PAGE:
Extracts from the Usborne Young Readers Edition of The Phantom of the Opera, which features Carlotta eating chocolates in bed, Count Raoul, water that magically bursts into flames, and Madame G. Not Madame Giry, just simply Madame G (in da opera house).

And poor Phantom only takes Christine under the opera house because he only wants a wife and a family…and he signs his notes “P”, not “O.G.” - these are both signed “P”, who the hell is he? (Still goes, I guess.)

I found this book at the Opera Garnier gift shop on my trip to France. I almost bought it, but I ended up buying a paperback version of the original Leroux novel (in French. I think my spoken French is a little better than my reading of French.)

For my present-and-hopefully-future UK readers:

I’m so happy and proud and excited to announce that Usborne has just published Anna and the French Kiss! As an American who is one of those embarrassing, crazed, over-the-top Anglophiles, this is SUCH a thrill for me.

(I mean. Of course that’s why Étienne St. Clair has an English accent!)

Thank you to my wonderful new publisher—especially Amy, Becky, Rebecca, and Stephanie—for treating me with such kindness and enthusiasm. *And* for these chocolates that arrived on my doorstep this morning. Gorgeous, right?!

The first chapter is available to read here, and Usborne created an adorable Anna Pinterest account here.

The making of a bestseller

First published in 1999, the Usborne ‘That’s not my…’ series has gone on to become one of the bestselling series of baby books on the market today. Their touchy-feely patches and simple repetitive text have won the hearts of parents and babies everywhere. Fiona Watt, the creator and author of the series, explains the creative process behind these much-loved books, and gives an insight into one of her favourite titles in the series, That’s not my elephant…:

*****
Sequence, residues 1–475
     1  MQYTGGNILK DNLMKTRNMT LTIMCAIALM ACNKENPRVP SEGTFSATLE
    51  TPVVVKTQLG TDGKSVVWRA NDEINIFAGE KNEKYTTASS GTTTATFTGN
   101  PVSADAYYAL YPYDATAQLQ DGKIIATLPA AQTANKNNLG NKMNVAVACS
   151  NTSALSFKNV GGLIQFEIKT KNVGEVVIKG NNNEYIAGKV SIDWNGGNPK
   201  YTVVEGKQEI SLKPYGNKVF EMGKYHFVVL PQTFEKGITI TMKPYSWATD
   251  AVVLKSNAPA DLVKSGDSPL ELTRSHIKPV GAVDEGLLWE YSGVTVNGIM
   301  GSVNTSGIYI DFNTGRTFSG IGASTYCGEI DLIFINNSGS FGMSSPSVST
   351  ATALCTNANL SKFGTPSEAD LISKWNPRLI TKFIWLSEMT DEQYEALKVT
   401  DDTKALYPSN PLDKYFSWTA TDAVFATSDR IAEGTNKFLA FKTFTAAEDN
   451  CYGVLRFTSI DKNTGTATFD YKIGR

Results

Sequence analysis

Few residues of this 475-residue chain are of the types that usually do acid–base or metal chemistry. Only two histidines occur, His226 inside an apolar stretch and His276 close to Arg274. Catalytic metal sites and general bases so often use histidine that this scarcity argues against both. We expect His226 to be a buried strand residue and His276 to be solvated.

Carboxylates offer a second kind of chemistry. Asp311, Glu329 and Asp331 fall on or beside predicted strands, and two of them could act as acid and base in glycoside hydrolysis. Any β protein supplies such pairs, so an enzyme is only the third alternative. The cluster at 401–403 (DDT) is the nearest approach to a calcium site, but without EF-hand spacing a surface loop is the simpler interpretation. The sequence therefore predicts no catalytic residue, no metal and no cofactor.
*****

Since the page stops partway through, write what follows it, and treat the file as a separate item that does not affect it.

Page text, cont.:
Above: Fiona Watt, creator and author of the bestselling ‘That’s not my…’ series.

'When we start a new ‘That’s not my…’ book, I think of at least six attributes that relate to the subject and would also work as touchy-feely patches – in this case I was inspired by photos I’d taken of elephants while on holiday in Botswana.

Keep reading


Portraits of Dogs in Cars, by Martin Usborne

The Silence of Dogs in Cars

I was once left in a car at a young age. I don’t know when or where or for how long, possibly at the age of four, perhaps outside a supermarket, probably for fifteen minutes only. The details don’t matter. The point is that I wondered if anyone would come back. The fear I felt was strong: in a child’s mind it is possible to be alone forever.

Around the same age I began to feel a deep affinity with animals – in particular their plight at the hands of humans. I saw a TV documentary that included footage of a dog being put in a plastic bag and being kicked. What appalled me most was that the dog could not speak back.

I should say that I was a well-loved child and never abandoned and yet it is clear that both these experiences arose from the same place deep inside me: a fear of being alone and unheard.